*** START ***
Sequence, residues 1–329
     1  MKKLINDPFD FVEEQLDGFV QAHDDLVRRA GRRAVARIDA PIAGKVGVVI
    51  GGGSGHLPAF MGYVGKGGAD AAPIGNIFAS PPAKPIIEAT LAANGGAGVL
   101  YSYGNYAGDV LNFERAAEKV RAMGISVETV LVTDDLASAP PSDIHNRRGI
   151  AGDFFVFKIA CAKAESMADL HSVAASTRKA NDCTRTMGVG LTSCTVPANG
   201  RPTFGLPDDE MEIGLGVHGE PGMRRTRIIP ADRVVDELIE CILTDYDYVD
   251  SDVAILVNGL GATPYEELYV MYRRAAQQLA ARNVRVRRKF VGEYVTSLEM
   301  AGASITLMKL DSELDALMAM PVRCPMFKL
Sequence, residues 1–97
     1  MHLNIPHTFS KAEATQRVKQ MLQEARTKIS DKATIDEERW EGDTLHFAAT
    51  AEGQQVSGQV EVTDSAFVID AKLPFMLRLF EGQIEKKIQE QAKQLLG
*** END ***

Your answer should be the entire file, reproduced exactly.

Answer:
Sequence, residues 1–329
     1  MKKLINDPFD FVEEQLDGFV QAHDDLVRRA GRRAVARIDA PIAGKVGVVI
    51  GGGSGHLPAF MGYVGKGGAD AAPIGNIFAS PPAKPIIEAT LAANGGAGVL
   101  YSYGNYAGDV LNFERAAEKV RAMGISVETV LVTDDLASAP PSDIHNRRGI
   151  AGDFFVFKIA CAKAESMADL HSVAASTRKA NDCTRTMGVG LTSCTVPANG
   201  RPTFGLPDDE MEIGLGVHGE PGMRRTRIIP ADRVVDELIE CILTDYDYVD
   251  SDVAILVNGL GATPYEELYV MYRRAAQQLA ARNVRVRRKF VGEYVTSLEM
   301  AGASITLMKL DSELDALMAM PVRCPMFKL
Sequence, residues 1–97
     1  MHLNIPHTFS KAEATQRVKQ MLQEARTKIS DKATIDEERW EGDTLHFAAT
    51  AEGQQVSGQV EVTDSAFVID AKLPFMLRLF EGQIEKKIQE QAKQLLG